In The Machinery of Whiteness: Studies in the Structure of Racialization, Steven Martinot outlines their definition of ethics in relation to anti-fascist activism and society as a whole.
What is an ethics? Simply put, an ethics is what one thinks is the right thing to do or say to others. It is always relational. And it always involves a question of permissibility. One can discover a person’s ethics, what they have determined is permissible for themselves, in what they do with respect to others.
If we accept the presupposition that ethics is more of a philosophy (a method of thinking about a particular system) than as a code of conduct, in which a code of conduct is defined as a guide for the behavior of individuals and people within a sociological framework) then having a set of ethics is fundamentally useless in relation to combating institutional and societal inequality. Having a code of ethics is only useful if it is applied and followed by both the individual developing the code of ethics and the society in which that individual finds themselves in, which is exactly what Martinot says cannot be done. They claim that self-universalization (the process of applying one’s code of ethics to others) is in itself, unethical.
Arguably, working from the definition provided by Martinot, a code of ethics requires both a strong sense of self-awareness and the individual integrity to hold oneself to their own individual code of ethics. If, for example, an individual claims that abusing drugs is against their code of ethics, and judges others harshly for doing drugs, while abusing prescription drugs themselves, it can be said that they themselves do not follow their own code of ethics. Therefore their code of ethics is fundamentally useless, or they themselves by their own definition are an unethical person. You cannot, as Martinot claims, get an accurate understanding of that individual’s code of ethics by their own behavior easily, as their behavior conflicts with their own stated ethical code.
More specifically, if a code of ethics is the “right thing to do or say,” then by definition ethics are universal, unless you allow for the presumption that the right thing to do or say varies from person to person. However, this variation allows and in fact encourages systemic inequality. Using the example before, if it is permissible for that individual to abuse drugs but it is not permissible for other individuals to abuse drugs, that individual’s ethical code would resemble something like this for their ethics to not be contradictory.
It is okay for me, as an individual, to abuse drugs in the same manner as other individuals, but it is not okay for others to abuse drugs. I am an exception to this rule.
The exception to the rule is the key phrase here. Normally, when dealing with the “exception to the rule,” these exceptions come along with a lack of self-awareness and a lack of knowledge as to the universality of particular human experiences. These exceptions also highlight thoughts of dehumanization and a lack of empathy for others. Here are some other examples, paired with their contraries and justifications.
- It is okay for me, as an individual, to choose what consenting adults I have relationships with, but it is not okay for a queer person to choose what consenting adults they have relationships with if these adults are of the same gender as they are. I am an exception to this rule, because my code of ethics states that same-sex/same-gender relationships are wrong.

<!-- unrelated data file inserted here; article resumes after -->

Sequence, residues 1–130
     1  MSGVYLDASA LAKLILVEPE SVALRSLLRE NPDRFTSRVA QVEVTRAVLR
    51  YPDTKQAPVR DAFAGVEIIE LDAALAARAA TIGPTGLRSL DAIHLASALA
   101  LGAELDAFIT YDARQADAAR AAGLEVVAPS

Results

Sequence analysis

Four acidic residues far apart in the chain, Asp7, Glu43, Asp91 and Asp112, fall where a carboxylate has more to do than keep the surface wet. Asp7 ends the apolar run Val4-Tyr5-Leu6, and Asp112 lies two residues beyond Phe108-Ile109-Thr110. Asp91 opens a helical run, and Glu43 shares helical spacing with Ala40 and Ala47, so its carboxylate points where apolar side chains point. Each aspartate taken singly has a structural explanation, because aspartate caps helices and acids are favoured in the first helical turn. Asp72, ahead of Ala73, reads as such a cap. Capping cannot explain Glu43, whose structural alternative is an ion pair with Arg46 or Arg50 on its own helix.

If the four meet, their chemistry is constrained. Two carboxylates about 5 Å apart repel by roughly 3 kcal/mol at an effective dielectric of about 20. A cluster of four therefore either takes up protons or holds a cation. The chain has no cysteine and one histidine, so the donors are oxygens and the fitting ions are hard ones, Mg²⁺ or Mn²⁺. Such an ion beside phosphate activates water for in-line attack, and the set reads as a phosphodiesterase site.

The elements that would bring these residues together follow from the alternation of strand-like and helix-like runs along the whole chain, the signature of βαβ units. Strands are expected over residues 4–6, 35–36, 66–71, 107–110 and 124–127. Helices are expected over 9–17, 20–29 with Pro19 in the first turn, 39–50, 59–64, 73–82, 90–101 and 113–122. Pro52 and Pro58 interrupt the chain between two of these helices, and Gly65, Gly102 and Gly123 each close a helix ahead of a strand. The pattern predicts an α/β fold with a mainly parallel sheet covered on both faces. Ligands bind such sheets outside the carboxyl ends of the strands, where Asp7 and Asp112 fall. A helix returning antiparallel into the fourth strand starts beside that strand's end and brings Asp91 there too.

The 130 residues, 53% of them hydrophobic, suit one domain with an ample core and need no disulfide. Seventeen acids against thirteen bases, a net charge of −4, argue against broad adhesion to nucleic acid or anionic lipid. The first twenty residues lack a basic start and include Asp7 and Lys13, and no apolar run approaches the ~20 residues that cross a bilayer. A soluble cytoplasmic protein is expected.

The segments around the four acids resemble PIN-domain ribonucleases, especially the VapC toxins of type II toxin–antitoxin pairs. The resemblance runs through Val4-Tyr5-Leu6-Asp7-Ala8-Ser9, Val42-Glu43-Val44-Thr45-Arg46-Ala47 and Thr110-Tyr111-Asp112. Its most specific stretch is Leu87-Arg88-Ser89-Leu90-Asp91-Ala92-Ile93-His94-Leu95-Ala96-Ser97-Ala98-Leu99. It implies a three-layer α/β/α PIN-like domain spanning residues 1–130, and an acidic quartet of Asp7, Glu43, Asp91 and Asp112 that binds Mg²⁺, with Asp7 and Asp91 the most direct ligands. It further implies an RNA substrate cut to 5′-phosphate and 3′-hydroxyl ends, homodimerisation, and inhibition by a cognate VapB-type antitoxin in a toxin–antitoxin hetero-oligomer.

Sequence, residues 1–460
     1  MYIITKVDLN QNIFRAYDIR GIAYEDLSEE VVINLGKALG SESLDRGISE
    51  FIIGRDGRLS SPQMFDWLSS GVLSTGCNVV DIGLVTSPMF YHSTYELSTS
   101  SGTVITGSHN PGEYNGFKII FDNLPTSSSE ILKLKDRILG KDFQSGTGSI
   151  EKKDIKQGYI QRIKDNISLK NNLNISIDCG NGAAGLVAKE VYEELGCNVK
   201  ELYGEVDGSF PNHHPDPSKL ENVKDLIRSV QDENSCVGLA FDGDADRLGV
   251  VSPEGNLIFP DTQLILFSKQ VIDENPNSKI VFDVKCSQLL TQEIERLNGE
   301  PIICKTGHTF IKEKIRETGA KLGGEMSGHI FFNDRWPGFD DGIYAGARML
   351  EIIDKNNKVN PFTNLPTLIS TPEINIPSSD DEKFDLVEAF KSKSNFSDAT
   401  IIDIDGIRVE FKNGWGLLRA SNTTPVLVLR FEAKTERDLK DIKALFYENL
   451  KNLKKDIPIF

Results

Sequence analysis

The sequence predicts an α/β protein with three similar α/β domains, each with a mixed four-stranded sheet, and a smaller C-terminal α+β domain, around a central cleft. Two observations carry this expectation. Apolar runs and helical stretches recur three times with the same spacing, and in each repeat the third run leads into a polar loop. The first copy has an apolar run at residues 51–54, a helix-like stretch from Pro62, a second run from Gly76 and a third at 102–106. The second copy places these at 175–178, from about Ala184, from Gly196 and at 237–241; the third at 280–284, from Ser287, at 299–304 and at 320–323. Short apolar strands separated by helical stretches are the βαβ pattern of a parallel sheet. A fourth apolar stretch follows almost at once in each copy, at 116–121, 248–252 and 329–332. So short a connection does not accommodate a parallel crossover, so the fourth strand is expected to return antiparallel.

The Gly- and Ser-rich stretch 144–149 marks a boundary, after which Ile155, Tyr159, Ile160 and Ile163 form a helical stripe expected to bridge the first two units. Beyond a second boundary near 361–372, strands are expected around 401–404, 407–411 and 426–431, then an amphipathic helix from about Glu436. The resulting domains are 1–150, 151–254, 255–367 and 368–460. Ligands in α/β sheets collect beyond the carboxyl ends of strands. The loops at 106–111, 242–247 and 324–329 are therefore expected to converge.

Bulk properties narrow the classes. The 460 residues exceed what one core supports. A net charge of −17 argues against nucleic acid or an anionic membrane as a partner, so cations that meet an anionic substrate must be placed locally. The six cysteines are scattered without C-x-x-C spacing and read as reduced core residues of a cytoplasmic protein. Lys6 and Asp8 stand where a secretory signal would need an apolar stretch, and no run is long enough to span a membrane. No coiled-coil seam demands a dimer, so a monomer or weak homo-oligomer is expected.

- It is okay for me, as an individual, to choose to modify my body through plastic surgery and hormone treatments in order to be more comfortable with how my body looks, feels, and interacts with others in society. It is not okay for a transgender person to modify their body through plastic surgery and hormone treatments, because my code of ethics states that modifying your body through these purposes in a way that does not align with your gender assignment is wrong.
Obviously, individuals with a sense of empathy for others coupled with basic levels of education in human psychology can provide counterarguments for the first example, because it is commonly accepted that a relationship between two consenting adults is not morally wrong, and the variables of gender and sex do not interfere with one’s ability to consent or have a happy, psychologically fulfilling relationship.
The same holds true for the second example. It is commonly accepted that individuals of sound mind and judgement should have a right to control their own bodily autonomy. Attempts to control other’s bodily autonomy without due cause are inherently abusive, and the causes that we typically claim that are legitimate involve prevention of suicide and permanent life-risking harm. In addition, if we do not prevent others from achieving the same results through body modification, it is unfair and unjust to discriminate (for example, we do not prevent cisgender women from receiving breast augmentation, so preventing people of other gender identities from paying for breast augmentation is discriminatory). Therefore, the end goal of modification does not matter.
If you pay close attention to the justifications for most of those examples, we find societal norms in regards to codes of ethics, as well. It is ethical for two consenting adults to have a relationship with each other, and it is ethical for a person to modify their body. In opposition, it is unethical for an adult to have a relationship with a child, and it is unethical for a person to modify someone else’s body without their consent. We have laws preventing these behaviors, such as age of consent and assault laws. Our laws are created based on generally popular ethics.
Therefore, when we talk about ethics, we cannot say that it is unjust to impose ethics upon others, without conceding that without imposing codes of ethics upon others, we wouldn’t have any laws.